# Statistical distance

It has been suggested that this article be merged into Divergence (statistics). (Discuss) Proposed since December 2014. |

In statistics, probability theory, and information theory, a **statistical distance** quantifies the distance between two statistical objects, which can be two random variables, or two probability distributions or samples, or the distance can be between an individual sample point and a population or a wider sample of points.

A distance between populations can be interpreted as measuring the distance between two probability distributions and hence they are essentially measures of distances between probability measures. Where statistical distance measures relate to the differences between random variables, these may have statistical dependence,^{[1]} and hence these distances are not directly related to measures of distances between probability measures. Again, a measure of distance between random variables may relate to the extent of dependence between them, rather than to their individual values.

Statistical distance measures are mostly not metrics and they need not be symmetric. Some types of distance measures are referred to as (statistical) **divergences**.

## Contents

## Distances as metrics

### Metrics

A **metric** on a set *X* is a function (called the *distance function* or simply **distance**)

*d* : *X* × *X* → **R**^{+} (where **R**^{+} is the set of non-negative real numbers). For all *x*, *y*, *z* in *X*, this function is required to satisfy the following conditions:

*d*(*x*,*y*) ≥ 0 (*non-negativity*)*d*(*x*,*y*) = 0 if and only if*x*=*y*(*identity of indiscernibles*. Note that condition 1 and 2 together produce*positive definiteness*)*d*(*x*,*y*) =*d*(*y*,*x*) (*symmetry*)*d*(*x*,*z*) ≤*d*(*x*,*y*) +*d*(*y*,*z*) (*subadditivity*/*triangle inequality*).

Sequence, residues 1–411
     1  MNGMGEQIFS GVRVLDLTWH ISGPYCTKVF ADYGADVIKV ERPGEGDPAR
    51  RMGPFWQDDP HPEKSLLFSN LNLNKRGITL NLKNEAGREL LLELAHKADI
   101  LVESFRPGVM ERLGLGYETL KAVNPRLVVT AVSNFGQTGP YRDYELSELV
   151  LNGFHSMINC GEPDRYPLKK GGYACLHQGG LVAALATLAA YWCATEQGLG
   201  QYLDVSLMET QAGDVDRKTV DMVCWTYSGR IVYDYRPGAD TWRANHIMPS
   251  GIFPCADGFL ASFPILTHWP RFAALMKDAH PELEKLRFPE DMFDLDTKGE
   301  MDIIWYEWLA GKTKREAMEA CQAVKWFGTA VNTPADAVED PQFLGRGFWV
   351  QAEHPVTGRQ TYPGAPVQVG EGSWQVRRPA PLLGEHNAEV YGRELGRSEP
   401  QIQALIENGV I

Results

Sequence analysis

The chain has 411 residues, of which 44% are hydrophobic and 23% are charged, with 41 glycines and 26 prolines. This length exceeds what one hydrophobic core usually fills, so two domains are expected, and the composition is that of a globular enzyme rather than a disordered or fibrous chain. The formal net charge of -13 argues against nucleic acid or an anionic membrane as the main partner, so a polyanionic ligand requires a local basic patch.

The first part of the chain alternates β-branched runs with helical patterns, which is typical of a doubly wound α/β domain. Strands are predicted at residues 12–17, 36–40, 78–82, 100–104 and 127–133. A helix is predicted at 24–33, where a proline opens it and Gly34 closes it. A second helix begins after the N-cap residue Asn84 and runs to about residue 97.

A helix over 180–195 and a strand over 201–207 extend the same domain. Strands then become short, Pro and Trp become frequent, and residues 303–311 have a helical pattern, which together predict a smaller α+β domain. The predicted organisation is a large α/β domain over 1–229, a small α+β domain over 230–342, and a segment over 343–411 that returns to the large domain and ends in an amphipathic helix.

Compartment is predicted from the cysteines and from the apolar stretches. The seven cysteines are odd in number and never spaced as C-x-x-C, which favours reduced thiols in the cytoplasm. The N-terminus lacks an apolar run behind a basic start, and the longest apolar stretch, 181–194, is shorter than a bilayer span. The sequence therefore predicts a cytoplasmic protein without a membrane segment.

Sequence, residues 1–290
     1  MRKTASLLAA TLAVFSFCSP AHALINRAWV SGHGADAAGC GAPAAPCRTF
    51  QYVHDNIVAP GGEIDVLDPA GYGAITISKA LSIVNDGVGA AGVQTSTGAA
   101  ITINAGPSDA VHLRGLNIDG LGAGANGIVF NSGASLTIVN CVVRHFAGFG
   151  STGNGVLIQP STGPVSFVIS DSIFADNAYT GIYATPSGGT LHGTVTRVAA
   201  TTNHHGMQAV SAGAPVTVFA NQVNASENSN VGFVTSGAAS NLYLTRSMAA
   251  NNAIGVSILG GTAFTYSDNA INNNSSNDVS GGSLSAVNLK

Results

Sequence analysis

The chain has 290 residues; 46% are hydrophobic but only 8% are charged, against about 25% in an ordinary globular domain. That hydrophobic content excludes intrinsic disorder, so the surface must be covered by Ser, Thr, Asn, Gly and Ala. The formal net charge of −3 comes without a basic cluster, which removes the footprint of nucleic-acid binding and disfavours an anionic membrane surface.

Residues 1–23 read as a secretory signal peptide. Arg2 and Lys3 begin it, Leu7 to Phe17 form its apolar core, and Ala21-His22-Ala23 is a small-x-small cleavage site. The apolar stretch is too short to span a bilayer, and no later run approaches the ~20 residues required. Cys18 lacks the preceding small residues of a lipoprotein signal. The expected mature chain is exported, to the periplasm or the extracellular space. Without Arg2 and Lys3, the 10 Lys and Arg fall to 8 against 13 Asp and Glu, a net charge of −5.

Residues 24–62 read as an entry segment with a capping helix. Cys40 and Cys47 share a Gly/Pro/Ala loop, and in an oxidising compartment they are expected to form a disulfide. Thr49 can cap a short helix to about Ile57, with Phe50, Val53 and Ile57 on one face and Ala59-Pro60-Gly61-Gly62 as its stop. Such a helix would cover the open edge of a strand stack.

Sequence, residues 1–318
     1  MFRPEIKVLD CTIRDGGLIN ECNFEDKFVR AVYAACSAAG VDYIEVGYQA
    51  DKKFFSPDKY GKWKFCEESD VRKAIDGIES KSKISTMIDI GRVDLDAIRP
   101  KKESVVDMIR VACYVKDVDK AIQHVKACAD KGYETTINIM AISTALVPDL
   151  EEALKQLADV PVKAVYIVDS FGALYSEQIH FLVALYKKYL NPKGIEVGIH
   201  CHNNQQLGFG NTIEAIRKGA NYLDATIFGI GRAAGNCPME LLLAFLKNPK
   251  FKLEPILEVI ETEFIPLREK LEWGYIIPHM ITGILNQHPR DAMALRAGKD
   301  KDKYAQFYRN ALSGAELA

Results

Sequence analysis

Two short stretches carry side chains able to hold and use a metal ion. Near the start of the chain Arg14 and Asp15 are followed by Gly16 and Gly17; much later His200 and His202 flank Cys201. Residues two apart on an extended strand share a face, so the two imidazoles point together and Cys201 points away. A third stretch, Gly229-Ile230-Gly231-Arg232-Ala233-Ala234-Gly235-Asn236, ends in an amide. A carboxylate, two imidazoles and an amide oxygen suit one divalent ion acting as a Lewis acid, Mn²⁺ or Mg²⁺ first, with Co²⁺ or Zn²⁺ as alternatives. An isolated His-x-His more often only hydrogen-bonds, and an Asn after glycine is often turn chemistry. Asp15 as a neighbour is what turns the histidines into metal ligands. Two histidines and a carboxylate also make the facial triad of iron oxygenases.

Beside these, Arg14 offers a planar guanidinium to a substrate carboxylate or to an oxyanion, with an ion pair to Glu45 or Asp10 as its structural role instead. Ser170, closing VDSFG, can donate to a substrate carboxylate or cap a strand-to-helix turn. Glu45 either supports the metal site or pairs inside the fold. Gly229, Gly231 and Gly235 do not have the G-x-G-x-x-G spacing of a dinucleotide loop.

### Generalized metrics

Many statistical distances are not metrics, because they lack one or more properties of proper metrics. For example, pseudometrics can violate the "positive definiteness" (alternatively, "identity of indescernibles" property); quasimetrics can violate the symmetry property; and semimetrics can violate the triangle inequality. Some statistical distances are referred to as divergences.

## Examples

Some important statistical distances include the following:

- f-divergence: includes
- Kullback–Leibler divergence
- Hellinger distance
- Total variation distance (sometimes just called "the" statistical distance)

- Rényi's divergence
- Jensen–Shannon divergence
- Lévy–Prokhorov metric
- Bhattacharyya distance
- Wasserstein metric: also known as the Kantorovich metric, or earth mover's distance
- Energy distance
- The Kolmogorov–Smirnov statistic represents a distance between two probability distributions defined on a single real variable
- The
**maximum mean discrepancy**which is defined in terms of the kernel embedding of distributions

Other approaches

- Signal-to-noise ratio distance
- Mahalanobis distance
- Distance correlation is a measure of dependence between two random variables, it is zero if and only if the random variables are independent.
- The
*continuous ranked probability score*is a measure how good forecasts that are expressed as probability distributions are in matching observed outcomes. Both the location and spread of the forecast distribution are taken into account in judging how close the distribution is the observed value: see probabilistic forecasting. - Łukaszyk–Karmowski metric is a function defining a distance between two random variables or two random vectors. It does not satisfy the identity of indiscernibles condition of the metric and is zero if and only if both its arguments are certain events described by Dirac delta density probability distribution functions.

## See also

This article includes a list of references, but its sources remain unclear because it has insufficient inline citations. (February 2012) |

## Notes

- ↑ Dodge, Y. (2003)—entry for distance

## External links

## References

- Dodge, Y. (2003)
*Oxford Dictionary of Statistical Terms*, OUP. ISBN 0-19-920613-9